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Old November 7, 2011, 09:11 AM
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I think if you get a licensed network installer, rather than having an electrician do it, it'll be done better. I'm sure it'll work either way, it's just if you want quality or not. I think in most cases, electricians will just pull the Ethernet through with the electrical wiring, usually resulting in it getting all tangled up.

I think electrical wiring is typically overhead, but it can be buried as well. Depends on the area I suppose. And if the laneway house is being wired in (electrically) to the main house, or if it's going to have its own meter and thus a direct connection to the power companies main feeds. Something the builder/contractor should know what's right.

And yes, PVC should be fine as long as it's below the frost line. PVC/ABS tubing is used for your main sewer line to the city as well, at least in newer homes. You could also use "outdoor" cabling as well, like this: Outdoor CAT 6 Cable, Outdoor CAT5e Cable, Shielded Outdoor CAT 5e Cable, Direct Bury CAT5e cable, Aerial CAT5e Cable, loose tube cable, Toneable duct, armored fiber optic cables just to be even safer should the PVC conduit crack.

I'm assuming you'll have multiple jacks in the laneway house too which is why I suggested installing a switch/patch panel in there too. It'll also cut down on running multiple cables back to the main house and possibly exceeding distance limits of Ethernet.

As for connecting the two houses, I'm assuming the master bedroom is on the 2nd floor? The cabling from the laneway house will likely be entering the basement of the main house, assuming you run it below the frost line. You could run the cabling up the side of the house to the master bedroom, but that's going to be an eyesore possibly. Otherwise, you'll have to fish it through the walls up to your master bedroom. You could potentially used one of the existing jacks in the house though to patch it in as well.

I guess you don't have any floorplans from the contractor/builder? Something that shows where they wired everything...it would be helpful
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Old November 7, 2011, 10:41 AM
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Originally Posted by Shadowmeph View Post
Off topic question here , what is the difference between CAT6 and CAT5e? I was thinking of running some lines into a few rooms But looking around at web sites I see both, and also what are the female connectors called so I can mount them in the walls?
Cat 6 cable looks similair to cat 5e except it uses a heavier gauge of copper wire, and is also twisted tighter. It can accommodate much more bandwidth than cat 5e and is used in fiber networks for the indoor wiring. Its only a few dollars more per box than cat 5e, and is much more future proof.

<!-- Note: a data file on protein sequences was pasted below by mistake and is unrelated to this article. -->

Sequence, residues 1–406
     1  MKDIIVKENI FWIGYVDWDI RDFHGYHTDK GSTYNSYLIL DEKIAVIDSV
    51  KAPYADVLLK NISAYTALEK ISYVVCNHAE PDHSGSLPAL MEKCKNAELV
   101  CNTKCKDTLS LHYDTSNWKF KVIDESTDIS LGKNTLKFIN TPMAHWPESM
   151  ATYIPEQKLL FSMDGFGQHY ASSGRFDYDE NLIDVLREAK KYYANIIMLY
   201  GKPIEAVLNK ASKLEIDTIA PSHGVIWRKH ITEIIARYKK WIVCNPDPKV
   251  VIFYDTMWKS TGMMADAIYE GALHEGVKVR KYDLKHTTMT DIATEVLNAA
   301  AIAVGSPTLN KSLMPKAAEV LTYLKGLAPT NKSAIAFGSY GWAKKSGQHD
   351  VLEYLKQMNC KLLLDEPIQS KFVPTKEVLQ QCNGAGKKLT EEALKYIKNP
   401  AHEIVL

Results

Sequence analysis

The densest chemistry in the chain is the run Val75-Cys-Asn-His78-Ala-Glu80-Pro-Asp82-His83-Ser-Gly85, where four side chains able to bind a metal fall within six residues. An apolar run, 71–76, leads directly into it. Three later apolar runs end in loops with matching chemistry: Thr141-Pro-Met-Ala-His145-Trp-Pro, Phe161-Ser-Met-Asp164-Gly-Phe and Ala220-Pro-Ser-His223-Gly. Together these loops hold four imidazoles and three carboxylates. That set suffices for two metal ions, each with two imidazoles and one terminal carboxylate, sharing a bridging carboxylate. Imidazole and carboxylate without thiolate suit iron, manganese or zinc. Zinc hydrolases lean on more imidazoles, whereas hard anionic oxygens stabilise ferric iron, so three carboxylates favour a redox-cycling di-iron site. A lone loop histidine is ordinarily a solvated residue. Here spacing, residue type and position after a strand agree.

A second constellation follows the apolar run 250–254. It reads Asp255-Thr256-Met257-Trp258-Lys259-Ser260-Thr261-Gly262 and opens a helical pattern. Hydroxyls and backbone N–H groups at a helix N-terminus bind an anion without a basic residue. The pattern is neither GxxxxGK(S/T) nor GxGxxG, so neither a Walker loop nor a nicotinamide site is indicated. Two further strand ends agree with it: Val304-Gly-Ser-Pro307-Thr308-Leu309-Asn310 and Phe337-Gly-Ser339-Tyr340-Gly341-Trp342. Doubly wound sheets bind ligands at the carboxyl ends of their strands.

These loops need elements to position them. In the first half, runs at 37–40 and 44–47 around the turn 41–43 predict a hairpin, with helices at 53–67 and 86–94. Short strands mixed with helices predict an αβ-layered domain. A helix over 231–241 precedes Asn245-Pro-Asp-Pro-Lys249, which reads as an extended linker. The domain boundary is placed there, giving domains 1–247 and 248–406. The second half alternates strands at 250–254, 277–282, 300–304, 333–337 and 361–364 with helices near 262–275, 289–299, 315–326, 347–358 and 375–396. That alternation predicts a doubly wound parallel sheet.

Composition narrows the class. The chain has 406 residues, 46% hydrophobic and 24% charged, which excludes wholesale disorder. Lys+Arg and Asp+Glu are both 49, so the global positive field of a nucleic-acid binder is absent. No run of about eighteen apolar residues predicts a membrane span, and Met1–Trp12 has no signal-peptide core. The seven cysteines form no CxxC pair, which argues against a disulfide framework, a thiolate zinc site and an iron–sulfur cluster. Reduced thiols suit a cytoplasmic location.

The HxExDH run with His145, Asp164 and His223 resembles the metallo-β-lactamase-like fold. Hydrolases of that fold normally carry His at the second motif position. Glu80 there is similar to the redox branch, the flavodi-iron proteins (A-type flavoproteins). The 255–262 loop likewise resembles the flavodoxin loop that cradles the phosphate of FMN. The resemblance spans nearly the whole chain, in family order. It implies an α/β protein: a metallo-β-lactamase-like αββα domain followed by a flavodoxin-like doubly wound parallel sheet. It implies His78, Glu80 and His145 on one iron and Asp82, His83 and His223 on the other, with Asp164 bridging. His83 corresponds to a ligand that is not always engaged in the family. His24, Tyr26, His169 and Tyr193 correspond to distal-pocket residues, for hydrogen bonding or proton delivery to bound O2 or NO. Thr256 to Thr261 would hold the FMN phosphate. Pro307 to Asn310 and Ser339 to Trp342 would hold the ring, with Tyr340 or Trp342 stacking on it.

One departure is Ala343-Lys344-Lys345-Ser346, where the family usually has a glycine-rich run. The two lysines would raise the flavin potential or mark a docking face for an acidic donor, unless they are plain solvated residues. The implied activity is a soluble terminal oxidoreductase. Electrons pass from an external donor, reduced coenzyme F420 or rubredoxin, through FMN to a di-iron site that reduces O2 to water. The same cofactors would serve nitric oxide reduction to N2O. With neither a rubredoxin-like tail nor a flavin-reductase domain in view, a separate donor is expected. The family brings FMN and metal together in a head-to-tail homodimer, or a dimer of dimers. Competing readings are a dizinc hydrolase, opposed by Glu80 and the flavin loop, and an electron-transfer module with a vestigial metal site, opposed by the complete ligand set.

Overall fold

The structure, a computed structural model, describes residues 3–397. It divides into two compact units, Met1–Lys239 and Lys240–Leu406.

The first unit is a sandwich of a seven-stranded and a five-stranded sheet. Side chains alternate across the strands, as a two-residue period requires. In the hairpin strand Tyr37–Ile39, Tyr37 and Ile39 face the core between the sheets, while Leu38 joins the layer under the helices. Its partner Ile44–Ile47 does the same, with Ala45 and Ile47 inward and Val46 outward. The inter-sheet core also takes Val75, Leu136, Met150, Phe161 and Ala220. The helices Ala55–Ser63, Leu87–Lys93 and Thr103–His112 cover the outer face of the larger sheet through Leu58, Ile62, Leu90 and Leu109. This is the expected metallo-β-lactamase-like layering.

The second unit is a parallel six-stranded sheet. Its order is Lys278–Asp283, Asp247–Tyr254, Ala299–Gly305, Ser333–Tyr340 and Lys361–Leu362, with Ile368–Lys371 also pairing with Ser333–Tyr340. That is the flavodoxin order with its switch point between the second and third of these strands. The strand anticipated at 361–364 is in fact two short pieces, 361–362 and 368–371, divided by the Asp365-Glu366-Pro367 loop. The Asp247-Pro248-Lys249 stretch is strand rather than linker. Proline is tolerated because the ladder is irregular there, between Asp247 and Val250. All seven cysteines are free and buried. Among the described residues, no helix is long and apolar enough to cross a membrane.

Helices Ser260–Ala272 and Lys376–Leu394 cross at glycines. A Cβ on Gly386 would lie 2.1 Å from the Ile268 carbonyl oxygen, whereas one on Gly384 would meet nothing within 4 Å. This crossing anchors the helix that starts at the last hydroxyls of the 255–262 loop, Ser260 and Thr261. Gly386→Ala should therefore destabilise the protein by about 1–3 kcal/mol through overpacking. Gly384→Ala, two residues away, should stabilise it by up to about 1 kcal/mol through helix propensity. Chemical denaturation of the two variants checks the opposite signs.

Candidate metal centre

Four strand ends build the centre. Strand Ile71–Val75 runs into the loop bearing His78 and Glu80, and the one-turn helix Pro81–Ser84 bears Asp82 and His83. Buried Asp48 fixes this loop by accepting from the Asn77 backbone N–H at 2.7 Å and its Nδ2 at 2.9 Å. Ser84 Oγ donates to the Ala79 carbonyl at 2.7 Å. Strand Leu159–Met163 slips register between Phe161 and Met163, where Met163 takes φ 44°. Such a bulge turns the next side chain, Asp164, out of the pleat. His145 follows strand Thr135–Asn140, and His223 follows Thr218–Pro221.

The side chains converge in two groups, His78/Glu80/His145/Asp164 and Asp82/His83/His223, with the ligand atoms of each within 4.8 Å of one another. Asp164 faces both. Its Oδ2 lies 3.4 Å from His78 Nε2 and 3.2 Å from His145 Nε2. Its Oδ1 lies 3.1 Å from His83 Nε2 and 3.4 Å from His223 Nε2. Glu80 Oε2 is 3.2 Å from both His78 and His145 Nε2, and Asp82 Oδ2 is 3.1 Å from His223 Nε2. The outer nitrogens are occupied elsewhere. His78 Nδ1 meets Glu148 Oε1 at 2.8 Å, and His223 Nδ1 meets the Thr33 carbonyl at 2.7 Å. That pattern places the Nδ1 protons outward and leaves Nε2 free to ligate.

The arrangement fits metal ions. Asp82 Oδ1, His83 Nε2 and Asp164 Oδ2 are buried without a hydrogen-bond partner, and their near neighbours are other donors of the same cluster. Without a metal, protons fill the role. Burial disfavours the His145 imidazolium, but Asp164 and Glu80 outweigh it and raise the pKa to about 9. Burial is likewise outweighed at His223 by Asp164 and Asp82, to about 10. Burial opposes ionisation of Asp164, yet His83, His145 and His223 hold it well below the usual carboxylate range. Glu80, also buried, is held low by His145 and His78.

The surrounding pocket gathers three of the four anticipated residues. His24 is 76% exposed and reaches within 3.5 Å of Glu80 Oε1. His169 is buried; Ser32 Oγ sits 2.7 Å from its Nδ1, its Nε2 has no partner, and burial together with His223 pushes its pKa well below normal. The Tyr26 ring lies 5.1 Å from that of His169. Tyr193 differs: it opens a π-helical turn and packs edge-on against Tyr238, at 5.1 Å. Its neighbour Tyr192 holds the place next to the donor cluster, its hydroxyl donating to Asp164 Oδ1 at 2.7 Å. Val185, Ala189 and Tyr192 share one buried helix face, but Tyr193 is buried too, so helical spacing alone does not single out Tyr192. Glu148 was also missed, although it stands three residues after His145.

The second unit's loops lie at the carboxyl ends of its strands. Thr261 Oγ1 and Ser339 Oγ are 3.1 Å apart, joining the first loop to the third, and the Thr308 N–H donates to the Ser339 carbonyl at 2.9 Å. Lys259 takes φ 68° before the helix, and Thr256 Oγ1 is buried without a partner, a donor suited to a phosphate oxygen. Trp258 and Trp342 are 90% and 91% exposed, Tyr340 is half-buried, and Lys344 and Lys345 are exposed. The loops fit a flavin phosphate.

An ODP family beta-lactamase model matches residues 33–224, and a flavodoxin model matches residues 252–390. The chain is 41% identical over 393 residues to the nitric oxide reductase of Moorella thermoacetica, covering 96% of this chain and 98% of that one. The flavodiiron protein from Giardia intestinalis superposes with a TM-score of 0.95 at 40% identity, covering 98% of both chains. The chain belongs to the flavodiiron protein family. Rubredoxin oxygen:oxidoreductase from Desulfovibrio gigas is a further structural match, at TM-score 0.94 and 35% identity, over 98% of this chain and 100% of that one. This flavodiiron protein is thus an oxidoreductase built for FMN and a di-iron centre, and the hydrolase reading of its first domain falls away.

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Old November 7, 2011, 01:25 PM
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Cool ty for the info
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Old November 7, 2011, 11:14 PM
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Originally Posted by dandelioneater View Post
Cat 6 cable looks similair to cat 5e except it uses a heavier gauge of copper wire, and is also twisted tighter. It can accommodate much more bandwidth than cat 5e and is used in fiber networks for the indoor wiring. Its only a few dollars more per box than cat 5e, and is much more future proof.
Is it worth it to go with Cat 6a over Cat 6?
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Old November 7, 2011, 11:20 PM
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Originally Posted by JD View Post
I think if you get a licensed network installer, rather than having an electrician do it, it'll be done better. I'm sure it'll work either way, it's just if you want quality or not. I think in most cases, electricians will just pull the Ethernet through with the electrical wiring, usually resulting in it getting all tangled up.

I think electrical wiring is typically overhead, but it can be buried as well. Depends on the area I suppose. And if the laneway house is being wired in (electrically) to the main house, or if it's going to have its own meter and thus a direct connection to the power companies main feeds. Something the builder/contractor should know what's right.

And yes, PVC should be fine as long as it's below the frost line. PVC/ABS tubing is used for your main sewer line to the city as well, at least in newer homes. You could also use "outdoor" cabling as well, like this: Outdoor CAT 6 Cable, Outdoor CAT5e Cable, Shielded Outdoor CAT 5e Cable, Direct Bury CAT5e cable, Aerial CAT5e Cable, loose tube cable, Toneable duct, armored fiber optic cables just to be even safer should the PVC conduit crack.

I'm assuming you'll have multiple jacks in the laneway house too which is why I suggested installing a switch/patch panel in there too. It'll also cut down on running multiple cables back to the main house and possibly exceeding distance limits of Ethernet.